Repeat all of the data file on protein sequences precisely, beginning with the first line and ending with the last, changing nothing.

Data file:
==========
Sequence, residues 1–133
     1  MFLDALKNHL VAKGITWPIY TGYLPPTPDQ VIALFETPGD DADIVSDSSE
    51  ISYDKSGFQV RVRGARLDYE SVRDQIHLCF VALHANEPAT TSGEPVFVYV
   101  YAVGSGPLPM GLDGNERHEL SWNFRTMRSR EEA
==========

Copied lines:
Sequence, residues 1–133
     1  MFLDALKNHL VAKGITWPIY TGYLPPTPDQ VIALFETPGD DADIVSDSSE
    51  ISYDKSGFQV RVRGARLDYE SVRDQIHLCF VALHANEPAT TSGEPVFVYV
   101  YAVGSGPLPM GLDGNERHEL SWNFRTMRSR EEA